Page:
Reply
    • Christie Purifoy

      Alanna, wouldn’t it be lovely to sit down together and trade stories? If you’re ever back in PA … though, for now, I’m grateful for the internet and the connections it fosters. Thank you for reading. Thank you for responding.

      Reply
  6. Shelly Miller

    Christie, this is breathtakingly gorgeous. I had chills at the end and had to push away tears rising to the surface (I have too much to do to allow myself that beautiful liberty). When I read you, I often feel we are on tandem journey’s in different places on the map and you put words to what I feel but cannot say, or didn’t even know I was feeling. Like the student in the classroom having an epiphany she didn’t know she needed but it made her feel better, understood. Thank you for this. More people really must find your words, truly.

    Reply
    • Christie Purifoy

      Thank you, Shelly. Your words are such an encouragement to me. The writing life can be lonely but realizing that your personal story is more universal than you realized? Well, it feels very, very good.

      Reply
  7. Laura Brown

    This made me cry. In a good way.

    Reply
    • Christie Purifoy

      Oh, I’m so glad, Laura. Though, I hope there are more tear-free days ahead for you. At least, of the sad variety.

      Reply
  8. kelli woodford

    Christie, this is my first time here and WOW!

    Your post reminds me of a story. While he was growing up, my husband spent time with a priest who used to sing a little song. That song only had a few words, but even hearing the story second-hand, the words have stuck with me, “God is a surprise.”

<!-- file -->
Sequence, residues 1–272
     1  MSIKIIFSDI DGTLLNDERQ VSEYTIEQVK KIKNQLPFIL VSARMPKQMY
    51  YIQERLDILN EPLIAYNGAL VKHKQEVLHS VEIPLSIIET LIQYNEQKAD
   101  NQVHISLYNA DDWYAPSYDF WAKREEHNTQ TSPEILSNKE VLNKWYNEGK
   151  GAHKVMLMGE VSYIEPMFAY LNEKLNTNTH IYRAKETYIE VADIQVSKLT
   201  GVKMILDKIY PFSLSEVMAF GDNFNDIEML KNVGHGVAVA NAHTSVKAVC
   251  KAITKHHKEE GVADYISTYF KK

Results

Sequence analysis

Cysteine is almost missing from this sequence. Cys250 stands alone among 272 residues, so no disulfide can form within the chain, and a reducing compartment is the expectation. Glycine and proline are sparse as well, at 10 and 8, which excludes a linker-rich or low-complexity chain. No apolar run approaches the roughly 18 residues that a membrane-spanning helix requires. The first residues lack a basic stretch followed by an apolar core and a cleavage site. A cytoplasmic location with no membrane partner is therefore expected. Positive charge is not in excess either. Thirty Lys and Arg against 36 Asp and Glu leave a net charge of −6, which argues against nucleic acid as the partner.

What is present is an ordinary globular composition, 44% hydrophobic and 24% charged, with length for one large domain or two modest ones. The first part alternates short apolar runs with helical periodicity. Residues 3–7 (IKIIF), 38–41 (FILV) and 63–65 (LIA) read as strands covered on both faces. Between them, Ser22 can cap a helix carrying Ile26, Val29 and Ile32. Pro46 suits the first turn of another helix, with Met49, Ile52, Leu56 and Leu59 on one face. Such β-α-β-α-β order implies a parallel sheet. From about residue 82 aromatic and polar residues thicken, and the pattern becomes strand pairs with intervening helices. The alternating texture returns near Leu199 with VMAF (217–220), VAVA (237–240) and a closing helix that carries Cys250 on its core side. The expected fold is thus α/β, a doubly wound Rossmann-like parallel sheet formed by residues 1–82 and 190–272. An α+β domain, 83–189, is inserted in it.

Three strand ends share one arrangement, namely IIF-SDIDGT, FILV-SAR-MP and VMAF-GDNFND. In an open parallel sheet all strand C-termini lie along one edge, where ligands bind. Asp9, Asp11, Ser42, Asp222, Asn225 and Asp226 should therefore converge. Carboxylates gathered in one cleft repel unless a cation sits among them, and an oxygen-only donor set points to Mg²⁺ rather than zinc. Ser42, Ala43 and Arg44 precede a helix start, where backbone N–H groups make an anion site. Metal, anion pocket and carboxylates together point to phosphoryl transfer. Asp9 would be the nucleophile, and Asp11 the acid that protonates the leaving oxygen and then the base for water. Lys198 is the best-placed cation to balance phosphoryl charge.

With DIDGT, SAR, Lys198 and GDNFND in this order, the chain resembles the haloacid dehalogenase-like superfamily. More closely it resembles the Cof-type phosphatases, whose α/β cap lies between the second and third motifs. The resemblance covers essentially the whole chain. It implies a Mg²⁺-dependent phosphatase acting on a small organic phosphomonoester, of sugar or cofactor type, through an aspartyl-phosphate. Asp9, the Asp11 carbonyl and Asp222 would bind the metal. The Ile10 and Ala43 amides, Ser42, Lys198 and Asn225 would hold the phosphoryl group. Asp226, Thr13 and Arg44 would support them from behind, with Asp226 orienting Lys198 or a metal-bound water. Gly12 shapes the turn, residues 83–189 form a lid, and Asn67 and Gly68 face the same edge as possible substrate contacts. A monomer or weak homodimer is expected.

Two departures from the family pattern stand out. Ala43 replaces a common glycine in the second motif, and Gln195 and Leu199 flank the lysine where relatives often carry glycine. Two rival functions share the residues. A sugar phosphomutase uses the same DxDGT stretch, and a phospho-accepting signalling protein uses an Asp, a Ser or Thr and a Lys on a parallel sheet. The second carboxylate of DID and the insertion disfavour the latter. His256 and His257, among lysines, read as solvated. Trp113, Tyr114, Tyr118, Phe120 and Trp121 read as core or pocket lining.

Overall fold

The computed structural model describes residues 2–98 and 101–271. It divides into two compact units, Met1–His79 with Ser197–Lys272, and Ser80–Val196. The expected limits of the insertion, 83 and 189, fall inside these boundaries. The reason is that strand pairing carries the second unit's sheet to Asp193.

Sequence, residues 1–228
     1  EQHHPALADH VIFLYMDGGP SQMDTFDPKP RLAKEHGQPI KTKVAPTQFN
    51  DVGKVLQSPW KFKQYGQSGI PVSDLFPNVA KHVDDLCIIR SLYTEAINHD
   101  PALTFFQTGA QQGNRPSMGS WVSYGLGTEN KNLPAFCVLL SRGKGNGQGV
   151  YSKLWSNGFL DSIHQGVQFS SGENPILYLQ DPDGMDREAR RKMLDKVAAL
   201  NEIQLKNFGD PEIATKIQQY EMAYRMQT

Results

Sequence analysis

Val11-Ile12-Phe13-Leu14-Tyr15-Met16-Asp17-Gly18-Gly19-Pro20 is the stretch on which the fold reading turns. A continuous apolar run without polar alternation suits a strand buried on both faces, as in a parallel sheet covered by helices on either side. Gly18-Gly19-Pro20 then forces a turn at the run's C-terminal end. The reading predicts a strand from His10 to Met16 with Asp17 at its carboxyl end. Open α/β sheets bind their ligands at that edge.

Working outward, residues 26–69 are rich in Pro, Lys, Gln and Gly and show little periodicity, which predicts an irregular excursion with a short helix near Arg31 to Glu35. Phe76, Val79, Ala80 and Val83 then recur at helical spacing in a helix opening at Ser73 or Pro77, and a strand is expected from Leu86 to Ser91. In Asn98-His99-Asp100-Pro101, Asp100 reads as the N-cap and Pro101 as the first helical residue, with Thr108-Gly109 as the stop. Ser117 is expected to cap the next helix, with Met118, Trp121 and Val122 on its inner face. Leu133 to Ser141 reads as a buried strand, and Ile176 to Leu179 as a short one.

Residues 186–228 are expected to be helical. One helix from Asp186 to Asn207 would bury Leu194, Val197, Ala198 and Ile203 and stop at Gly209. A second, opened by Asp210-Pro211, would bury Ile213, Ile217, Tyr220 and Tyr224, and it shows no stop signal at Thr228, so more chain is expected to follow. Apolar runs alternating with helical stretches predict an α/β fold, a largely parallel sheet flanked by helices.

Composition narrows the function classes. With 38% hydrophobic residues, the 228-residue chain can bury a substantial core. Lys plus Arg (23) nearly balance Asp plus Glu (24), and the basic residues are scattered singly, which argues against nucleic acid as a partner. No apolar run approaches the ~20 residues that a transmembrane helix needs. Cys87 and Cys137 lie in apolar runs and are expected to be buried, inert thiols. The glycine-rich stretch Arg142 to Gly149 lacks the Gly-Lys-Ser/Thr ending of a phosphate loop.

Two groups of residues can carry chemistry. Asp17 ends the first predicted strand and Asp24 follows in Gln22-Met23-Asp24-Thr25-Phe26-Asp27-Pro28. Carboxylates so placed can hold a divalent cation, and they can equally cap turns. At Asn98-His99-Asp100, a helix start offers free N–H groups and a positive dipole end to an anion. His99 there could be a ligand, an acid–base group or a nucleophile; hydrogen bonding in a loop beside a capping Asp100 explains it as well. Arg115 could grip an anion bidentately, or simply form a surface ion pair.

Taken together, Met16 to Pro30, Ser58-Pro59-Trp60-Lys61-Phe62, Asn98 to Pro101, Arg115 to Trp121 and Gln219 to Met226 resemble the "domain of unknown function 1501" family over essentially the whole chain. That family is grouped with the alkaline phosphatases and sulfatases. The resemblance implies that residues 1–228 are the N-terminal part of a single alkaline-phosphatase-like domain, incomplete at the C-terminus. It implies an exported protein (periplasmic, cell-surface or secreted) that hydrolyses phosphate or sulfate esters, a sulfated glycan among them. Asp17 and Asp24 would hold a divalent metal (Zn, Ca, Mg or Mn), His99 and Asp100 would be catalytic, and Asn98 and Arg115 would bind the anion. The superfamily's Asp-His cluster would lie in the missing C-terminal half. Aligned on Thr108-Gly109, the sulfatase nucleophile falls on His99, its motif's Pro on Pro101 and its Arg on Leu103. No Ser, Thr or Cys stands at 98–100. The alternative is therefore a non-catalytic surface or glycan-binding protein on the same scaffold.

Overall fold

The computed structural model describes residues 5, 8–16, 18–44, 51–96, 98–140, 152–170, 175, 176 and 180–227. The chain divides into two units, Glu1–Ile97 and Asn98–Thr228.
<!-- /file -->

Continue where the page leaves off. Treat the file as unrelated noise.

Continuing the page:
So much evidence all around us – and, as you said, INSIDE us – that God indeed IS a surprise of the nicest kind. Surely goodness and mercy shall follow me all the days of my life. Yes, that.

    Awesome words here, friend.

    Oh, and anyone who quotes Buechner is a friend of mine. 😉

    Reply
    • Christie Purifoy

      Thank you, Kelli. And “God is a surprise”? Love that. I have a feeling those words will be sticking with me, too.

      Reply
  9. Leigh Kramer

    Beyond my capacity for dreaming? I so get this. Nashville is my wilderness- a good but confusing place to be. Already the past 3 years have grown me in ways I couldn’t have anticipated. And even though I still have dreams, most of them haven’t come to fruition, while unexpected opportunities (dreams I didn’t know were my dreams) have landed squarely in my lap. Loved reading this.

    Reply
    • Christie Purifoy

      Thank you, Leigh. “Dreams I didn’t know were my dreams.” Yep, that’s it in a nutshell. Blessings to you in the wilderness. May the One who led you there lead you out again to a spacious place.

      Reply
  10. Kris

    I’ve had this window open all week long on my laptop, with the intention of sitting down to read it, and yet there hasn’t been five minutes. Now, I’ve read it twice and will be linking to it in my weekend post–

    Christie, this is beautiful. Stunning, really. Wow. Thank you for putting such graceful words around something I too have experienced. I am truly grateful for this, for the hope and understanding I feel as I read your story.

    Reply
    • Christie Purifoy